Updated: Apr 22, 2021
We all know that we need to drink water when we exercise or when we go outside. But did you know all the parts of your body that are affected if you do get dehydrated? And do you know that dehydration affects your balance, your coordination, and your risk for falling - no matter what your age?
Water is one of the most vital elements second only to oxygen. Water is important to almost every basic function of your body including:
For the elimination of toxins and wast from the body
Water lubricates the body: found in joints, it acts as shock absorber, reduces joint pain, it is in your eyes and spinal column.
Water naturally suppresses appetite and helps the body metabolize stored fat
Water helps to maintain proper muscle tone and helps reduce wrinkles
We lose a pint or more of water every day simply by breathing! We normally lose a total of about 10 cups of fluid a day in exhaled air, perspiration, and other bodily secretions.
A 2% drop in body mass due to dehydration leads too a significant decrease in attention, cognitive function and motor coordination
Maintain your blood pressure Dehydration causes lower blood pressure which reduces blood flow and delivery of oxygen to vital organs brains and muscles and maybe a risk factor for falling.
Medication and dehydration
Water helps dilute water soluble medications. A decrease in body water decreases distribution of medication through the body and increases the concentration these drugs causing a higher susceptibility to the drug’s toxic effects in older adults.
Protecting your joints
About 70-80 % of joint cartel;age is made of water. Without sufficient water, joint pain is increased. Water is what gives cartilage its gel-like consistency when hydrated which cushions your joints.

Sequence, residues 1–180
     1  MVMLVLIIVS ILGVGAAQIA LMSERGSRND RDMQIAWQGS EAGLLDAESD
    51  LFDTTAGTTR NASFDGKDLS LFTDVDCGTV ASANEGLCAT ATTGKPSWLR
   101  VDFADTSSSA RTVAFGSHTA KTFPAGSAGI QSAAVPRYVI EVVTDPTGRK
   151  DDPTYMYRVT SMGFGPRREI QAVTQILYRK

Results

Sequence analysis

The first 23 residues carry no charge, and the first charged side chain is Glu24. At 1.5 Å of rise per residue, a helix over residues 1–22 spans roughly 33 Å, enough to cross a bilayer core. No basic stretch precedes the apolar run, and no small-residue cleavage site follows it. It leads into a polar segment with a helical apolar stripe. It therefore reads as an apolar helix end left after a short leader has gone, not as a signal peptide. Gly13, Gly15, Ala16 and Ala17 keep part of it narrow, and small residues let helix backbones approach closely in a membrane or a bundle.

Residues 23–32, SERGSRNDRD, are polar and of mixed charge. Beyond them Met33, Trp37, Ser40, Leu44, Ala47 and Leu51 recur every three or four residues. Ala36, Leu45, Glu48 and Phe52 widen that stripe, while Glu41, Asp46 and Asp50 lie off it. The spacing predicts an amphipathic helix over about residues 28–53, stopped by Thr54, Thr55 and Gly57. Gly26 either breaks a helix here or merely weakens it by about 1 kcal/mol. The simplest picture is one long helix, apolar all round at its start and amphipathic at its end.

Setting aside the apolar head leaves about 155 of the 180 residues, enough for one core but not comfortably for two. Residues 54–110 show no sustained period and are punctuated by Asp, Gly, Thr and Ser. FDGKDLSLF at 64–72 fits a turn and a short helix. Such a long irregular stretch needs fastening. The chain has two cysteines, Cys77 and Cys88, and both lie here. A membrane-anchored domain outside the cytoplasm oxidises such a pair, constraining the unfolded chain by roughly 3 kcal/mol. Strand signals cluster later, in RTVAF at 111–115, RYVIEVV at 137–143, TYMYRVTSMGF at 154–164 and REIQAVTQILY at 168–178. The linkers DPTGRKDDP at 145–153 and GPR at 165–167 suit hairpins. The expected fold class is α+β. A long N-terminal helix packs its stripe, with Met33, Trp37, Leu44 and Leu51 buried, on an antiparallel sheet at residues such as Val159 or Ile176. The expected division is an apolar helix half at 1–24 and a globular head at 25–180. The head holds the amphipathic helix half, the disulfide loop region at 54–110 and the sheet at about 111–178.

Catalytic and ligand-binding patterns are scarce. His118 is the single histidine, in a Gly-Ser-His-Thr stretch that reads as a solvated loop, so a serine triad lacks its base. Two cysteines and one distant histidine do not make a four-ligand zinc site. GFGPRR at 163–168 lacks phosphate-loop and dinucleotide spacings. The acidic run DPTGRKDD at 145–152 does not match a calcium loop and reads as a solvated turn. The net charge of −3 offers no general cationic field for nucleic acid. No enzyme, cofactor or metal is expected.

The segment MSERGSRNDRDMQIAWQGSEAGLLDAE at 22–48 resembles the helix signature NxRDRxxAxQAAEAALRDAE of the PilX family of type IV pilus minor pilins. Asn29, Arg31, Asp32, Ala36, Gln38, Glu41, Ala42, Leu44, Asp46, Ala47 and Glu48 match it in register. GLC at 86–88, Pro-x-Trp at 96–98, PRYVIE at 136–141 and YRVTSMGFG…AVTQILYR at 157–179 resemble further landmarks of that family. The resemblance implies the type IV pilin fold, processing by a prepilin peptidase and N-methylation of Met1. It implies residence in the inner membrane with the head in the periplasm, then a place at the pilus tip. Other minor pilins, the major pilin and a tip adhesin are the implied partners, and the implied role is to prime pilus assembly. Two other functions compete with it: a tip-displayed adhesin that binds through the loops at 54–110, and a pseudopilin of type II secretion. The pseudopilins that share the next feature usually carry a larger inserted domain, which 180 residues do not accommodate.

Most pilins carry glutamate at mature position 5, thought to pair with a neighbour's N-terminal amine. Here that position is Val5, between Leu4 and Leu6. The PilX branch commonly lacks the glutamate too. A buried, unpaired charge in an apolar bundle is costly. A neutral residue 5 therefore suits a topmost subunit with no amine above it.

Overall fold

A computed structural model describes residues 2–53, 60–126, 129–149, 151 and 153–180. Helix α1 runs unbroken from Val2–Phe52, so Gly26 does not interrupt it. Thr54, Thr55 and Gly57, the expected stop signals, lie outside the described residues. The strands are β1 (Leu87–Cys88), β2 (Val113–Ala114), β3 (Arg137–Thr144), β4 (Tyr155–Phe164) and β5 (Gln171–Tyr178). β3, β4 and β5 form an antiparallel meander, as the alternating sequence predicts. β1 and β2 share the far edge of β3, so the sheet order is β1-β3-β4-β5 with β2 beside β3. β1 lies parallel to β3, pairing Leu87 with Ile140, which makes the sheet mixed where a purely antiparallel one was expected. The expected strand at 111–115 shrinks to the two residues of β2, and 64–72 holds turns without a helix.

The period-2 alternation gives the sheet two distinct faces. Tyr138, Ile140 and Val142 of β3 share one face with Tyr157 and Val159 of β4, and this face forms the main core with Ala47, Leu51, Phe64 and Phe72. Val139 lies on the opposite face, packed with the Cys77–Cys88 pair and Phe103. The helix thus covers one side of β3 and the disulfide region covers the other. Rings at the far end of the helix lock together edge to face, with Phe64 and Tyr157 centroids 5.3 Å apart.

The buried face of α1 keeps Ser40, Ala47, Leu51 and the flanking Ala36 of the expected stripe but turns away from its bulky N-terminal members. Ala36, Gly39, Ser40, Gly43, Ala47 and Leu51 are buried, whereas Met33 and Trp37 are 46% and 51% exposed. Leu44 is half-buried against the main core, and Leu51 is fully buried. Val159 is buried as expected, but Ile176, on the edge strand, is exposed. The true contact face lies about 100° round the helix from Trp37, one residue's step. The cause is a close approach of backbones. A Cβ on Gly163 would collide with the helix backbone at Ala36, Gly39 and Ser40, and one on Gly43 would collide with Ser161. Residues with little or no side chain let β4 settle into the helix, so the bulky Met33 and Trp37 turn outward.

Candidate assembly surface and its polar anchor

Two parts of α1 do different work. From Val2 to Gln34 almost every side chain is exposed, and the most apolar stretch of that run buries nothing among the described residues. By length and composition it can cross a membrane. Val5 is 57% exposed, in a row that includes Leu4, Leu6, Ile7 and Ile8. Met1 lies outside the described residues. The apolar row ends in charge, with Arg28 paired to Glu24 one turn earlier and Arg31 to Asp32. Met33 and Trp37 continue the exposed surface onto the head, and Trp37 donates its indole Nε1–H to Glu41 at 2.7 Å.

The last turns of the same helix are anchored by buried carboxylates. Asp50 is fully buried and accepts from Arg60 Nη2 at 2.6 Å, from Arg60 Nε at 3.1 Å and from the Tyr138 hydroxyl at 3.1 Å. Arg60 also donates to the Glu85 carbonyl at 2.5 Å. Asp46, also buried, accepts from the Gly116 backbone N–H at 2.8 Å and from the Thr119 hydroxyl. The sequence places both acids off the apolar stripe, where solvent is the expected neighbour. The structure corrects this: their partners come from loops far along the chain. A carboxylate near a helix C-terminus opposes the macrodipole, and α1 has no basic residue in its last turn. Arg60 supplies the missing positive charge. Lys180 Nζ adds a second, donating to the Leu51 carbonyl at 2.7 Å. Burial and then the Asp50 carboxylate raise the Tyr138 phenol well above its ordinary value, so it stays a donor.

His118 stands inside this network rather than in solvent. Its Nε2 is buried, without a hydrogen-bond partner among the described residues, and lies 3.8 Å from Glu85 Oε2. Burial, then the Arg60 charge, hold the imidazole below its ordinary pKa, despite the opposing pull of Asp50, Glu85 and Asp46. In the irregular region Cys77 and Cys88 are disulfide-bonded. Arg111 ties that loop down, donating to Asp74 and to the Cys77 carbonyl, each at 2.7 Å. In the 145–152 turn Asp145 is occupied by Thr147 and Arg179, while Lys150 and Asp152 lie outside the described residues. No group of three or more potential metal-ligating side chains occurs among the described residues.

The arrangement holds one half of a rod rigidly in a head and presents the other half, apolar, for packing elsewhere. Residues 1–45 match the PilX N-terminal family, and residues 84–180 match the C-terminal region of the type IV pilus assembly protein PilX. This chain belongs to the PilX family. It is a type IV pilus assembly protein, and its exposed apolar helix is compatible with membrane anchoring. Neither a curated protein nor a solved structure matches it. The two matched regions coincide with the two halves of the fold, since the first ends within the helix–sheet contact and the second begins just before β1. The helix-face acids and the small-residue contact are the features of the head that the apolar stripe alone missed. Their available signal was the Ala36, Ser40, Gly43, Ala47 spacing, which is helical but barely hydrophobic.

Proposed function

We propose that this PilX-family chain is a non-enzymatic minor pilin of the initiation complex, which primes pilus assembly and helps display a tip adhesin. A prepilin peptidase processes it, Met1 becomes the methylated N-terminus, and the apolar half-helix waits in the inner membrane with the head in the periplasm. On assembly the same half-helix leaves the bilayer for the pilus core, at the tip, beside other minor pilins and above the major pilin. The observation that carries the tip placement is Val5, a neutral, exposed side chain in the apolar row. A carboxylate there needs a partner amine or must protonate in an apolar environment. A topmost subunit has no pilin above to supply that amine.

Functional ability and fitness
Your muscles are 80% water, when that percentage drops, your movements and physical performance such as balance, walking, exercising, sports decreases and may lead to injuries.
Dehydration and traveling
The body tends to dehydrate while traveling, particularly on airplanes. An additional 8 oz. of water per hour is suggested. Exposure to summer heat requires additional water. The body uses a great deal of water through skin-cooling perspiration.
First sign of dehydration
One of the best ways to recognize dehydration is to pay close attention to the color of your urine. Ideally, light to clear urine indicates proper water intake.
The first sign of dehydration may be a headachy feeling at the end of the day.
Thirst and aging
As we age the brain becomes less sensitive to thrust signals and kidney function changes. Older adults are thus at an increased risk for dehydration. Additional, many older adults deal with incontinence and often do not like to drink water due to repeated visits to the bathroom. The risk for falling due to dehydration increases dramatically and thus the risk for injury does too.
Dehydration can cause
Headaches, sleepiness or lethargy
Unusually tired, dizziness, falls, and muscle cramps, more joint pain
Constipation, dry mouth
Decrease effects of medication and increase toxicity
Decreased blood volume and thus a drop in blood pressure
How much water should we drink each day?
Drink about half your body weight in ounces unless your doctor tells you otherwise.
To determine one's ideal daily water intake, experts at the Mayo Clinic suggest dividing your body weight in half and using this number as the ounces of water you should consume. (Based on this formula, a 125-pound person should consume the recommended eight servings of water each day.) When it is hot and/or you are exercising you need even more.
Bring water with you when you venture outside, and when going somewhere in your car. Bring extra bottles of water just incase your get stuck somewhere or your car breaks down.
Be safe, be well , thrive and life vibrantly!